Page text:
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New Sask. policies raise concerns for STI transmission, trans youth safety


The head of a Saskatoon-based sexual health clinic worries Saskatchewan's new approach to sex education in schools and gender-diverse students could fuel a rise in STI transmission and increased risks for trans youth.

"Saskatchewan, as a province has the highest national levels of HIV, of hepatitis C, of teenage pregnancy, it has the second highest rates of sexualized violence, we also have some of the highest rates of chlamydia and gonorrhea in the country," Saskatoon Sexual Health executive director Caitlin Cottrel told CTV News.

"And syphilis has absolutely exploded in Saskatchewan in the last five years."

On Tuesday, education minister Dustin Duncan announced Saskatchewan will require schools to share sexual health education materials with parents and caregivers. Under the new rules, parents and caregivers can opt their children out of sex-ed.

"This is an issue that we've heard from parents. They just want to know, they want to be involved in the education of their children," Duncan said during a news conference announcing the move.

The policy changes come after the newly-formed Saskatchewan United Party posted a strong performance in a recent byelection held in the constituency of Lumsden-Morse.

The upstart party's campaign leaned into the controversy sparked by a Planned Parenthood sexual health resource provided to Grade 9 students in the town of Lumsden.

"I think there was a very knee-jerk reaction to this instance and I think a lot of misunderstanding of how the situation actually unfolded," Cottrel said.

"Rather than having sort of a fearful or a negative reaction and moving so far away from comprehensive discussions, I think it could have been used as an opportunity to have some deeper and more involved conversations about sexual health."

According to Cottrel, Saskatchewan's sex-ed curriculum hasn't been updated in more than a decade.

"I don't want to minimize the impact that these things have, but any adolescent with access to the internet also has access to the information that was brought forward from this situation. But if they're accessing it on the internet, they're doing it without being able to ask questions," she said.

"When we're talking about comprehensive sexual education, we're talking about knowing physiology, your own physiology, recognizing sexual health issues. We're talking about consent, relationship boundaries, we're talking about providing us with tools that are used in sexual situations, but not just that, we're talking about creating tools and knowledge around safe boundaries and relationships."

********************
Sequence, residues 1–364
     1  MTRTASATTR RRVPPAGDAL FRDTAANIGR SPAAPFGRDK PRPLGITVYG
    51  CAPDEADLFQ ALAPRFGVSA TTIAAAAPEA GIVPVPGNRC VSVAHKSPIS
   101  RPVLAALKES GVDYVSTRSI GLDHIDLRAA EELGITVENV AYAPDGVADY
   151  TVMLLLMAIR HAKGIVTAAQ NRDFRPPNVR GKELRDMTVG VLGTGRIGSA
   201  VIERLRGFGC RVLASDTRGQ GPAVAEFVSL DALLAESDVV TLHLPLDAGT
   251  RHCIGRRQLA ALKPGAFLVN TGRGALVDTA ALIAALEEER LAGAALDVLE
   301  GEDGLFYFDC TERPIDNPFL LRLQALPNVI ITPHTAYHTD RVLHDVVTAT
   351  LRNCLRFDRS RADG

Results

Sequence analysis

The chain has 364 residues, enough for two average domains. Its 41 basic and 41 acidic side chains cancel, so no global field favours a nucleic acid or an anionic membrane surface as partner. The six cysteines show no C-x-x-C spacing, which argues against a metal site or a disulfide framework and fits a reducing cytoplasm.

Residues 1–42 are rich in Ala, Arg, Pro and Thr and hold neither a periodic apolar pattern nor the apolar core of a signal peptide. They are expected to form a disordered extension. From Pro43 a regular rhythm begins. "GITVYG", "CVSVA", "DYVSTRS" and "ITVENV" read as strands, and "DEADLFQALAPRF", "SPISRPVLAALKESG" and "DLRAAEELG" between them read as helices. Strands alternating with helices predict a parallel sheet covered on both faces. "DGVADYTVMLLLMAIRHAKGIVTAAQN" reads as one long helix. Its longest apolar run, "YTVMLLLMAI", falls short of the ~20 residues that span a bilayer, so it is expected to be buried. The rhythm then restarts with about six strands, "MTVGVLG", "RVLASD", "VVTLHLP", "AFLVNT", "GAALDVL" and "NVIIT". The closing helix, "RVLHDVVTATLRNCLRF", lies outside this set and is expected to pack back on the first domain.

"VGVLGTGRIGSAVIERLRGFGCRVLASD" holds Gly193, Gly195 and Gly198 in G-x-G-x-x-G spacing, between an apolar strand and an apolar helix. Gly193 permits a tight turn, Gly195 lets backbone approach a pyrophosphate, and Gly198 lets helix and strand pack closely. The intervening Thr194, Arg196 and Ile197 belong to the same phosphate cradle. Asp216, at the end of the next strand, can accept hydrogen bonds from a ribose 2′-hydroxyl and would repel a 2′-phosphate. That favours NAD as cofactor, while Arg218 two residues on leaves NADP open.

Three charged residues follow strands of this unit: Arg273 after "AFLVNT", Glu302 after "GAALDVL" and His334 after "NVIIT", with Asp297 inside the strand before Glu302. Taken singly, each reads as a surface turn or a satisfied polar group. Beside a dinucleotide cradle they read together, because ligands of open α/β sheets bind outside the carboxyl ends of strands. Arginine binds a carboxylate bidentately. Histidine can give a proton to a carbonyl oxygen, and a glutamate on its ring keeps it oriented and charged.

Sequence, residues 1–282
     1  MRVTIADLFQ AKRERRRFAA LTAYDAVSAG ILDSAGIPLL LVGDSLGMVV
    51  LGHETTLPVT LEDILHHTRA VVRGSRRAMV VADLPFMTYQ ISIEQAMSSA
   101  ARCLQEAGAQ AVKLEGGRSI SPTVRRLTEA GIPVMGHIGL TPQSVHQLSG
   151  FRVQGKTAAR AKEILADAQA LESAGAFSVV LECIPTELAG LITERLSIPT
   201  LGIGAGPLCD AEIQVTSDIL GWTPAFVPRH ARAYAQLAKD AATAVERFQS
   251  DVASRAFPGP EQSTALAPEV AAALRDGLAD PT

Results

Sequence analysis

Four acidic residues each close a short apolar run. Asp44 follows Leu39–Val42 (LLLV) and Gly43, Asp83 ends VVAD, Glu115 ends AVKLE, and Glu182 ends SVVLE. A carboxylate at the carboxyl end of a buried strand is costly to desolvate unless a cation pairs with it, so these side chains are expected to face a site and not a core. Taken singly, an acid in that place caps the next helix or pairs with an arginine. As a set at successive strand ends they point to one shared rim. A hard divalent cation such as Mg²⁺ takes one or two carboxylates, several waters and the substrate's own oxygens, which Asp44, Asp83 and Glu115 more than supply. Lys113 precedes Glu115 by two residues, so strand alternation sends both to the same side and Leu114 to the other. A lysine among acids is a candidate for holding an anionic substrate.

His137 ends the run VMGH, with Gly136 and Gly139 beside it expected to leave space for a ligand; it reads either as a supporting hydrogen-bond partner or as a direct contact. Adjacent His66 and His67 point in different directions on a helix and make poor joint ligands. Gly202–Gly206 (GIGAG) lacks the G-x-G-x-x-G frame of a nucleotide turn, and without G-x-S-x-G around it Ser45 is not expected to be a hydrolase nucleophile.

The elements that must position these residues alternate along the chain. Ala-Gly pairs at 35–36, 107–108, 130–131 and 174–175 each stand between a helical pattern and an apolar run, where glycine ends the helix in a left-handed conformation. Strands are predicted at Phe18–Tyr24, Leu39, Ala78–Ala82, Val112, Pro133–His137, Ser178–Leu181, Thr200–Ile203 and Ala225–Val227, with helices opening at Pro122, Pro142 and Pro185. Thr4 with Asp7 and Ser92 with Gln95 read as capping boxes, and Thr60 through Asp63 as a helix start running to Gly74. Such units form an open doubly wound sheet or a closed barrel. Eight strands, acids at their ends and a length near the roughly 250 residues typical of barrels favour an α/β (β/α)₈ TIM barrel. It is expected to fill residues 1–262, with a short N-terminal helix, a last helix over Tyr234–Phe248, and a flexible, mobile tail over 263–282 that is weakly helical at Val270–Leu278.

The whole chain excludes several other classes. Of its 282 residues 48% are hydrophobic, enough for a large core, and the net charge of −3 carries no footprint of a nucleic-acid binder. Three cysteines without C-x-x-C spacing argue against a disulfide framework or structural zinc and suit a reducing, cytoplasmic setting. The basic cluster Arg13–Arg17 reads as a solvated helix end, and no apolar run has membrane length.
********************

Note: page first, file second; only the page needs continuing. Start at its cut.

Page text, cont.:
On Tuesday, the education minister also announced a new requirement for parental consent for students under 16 years old who wish to use a different gender pronoun or name at school — mirroring a controversial policy shift in New Brunswick.

"We wanted to put in place a consistent policy across the province as school divisions have slowly been looking at these types of policies to say that we want parents to be involved, — parents want to be involved — more involvement, not less involvement," Duncan said during his announcement.

"This is a huge concern for us and for other organizations like ours in the province," Cottrel said.

"We know in this field is that the protections that are provided to trans youth in school are often life-saving, and it is often the only safe place that queer and trans youth have."

She said that trans youth "experiencing negativity (such as) verbal, emotional and physical abuse at home as a response to their identity" are at greater risk of suicide, substance abuse and mental health issues as well as homelessness.

"We share a building with OUTSaskatoon, which provides a lot of support services to trans and queer youth," Cottrel said.

"We see youth every day who do not have a safe space to be themselves at home, youth who are not even allowed to be in their homes anymore, because of their sexual identity and their gender identity."

She said there are "a number of kids in care" because they have been removed from their homes or forced to leave because of their gender identity.

"I think that people feel that their neighbours, community and parents around them wouldn't be having these reactions to their children. But that's not the truth," Cottrel said.

"There are many youth still in 2023, who are facing enormous pushback, enormous violence from their families, whether that be physical or emotional. So that is definitely still a huge concern and a daily reality for many queer and trans youth."

On Wednesday, the Saskatchewan Advocate for Children and Youth Lisa Broda said she is launching an immediate review of the province's new school pronoun policy.

In a news release, Broda called the potential impact of the police "deeply troubling." Top Stories

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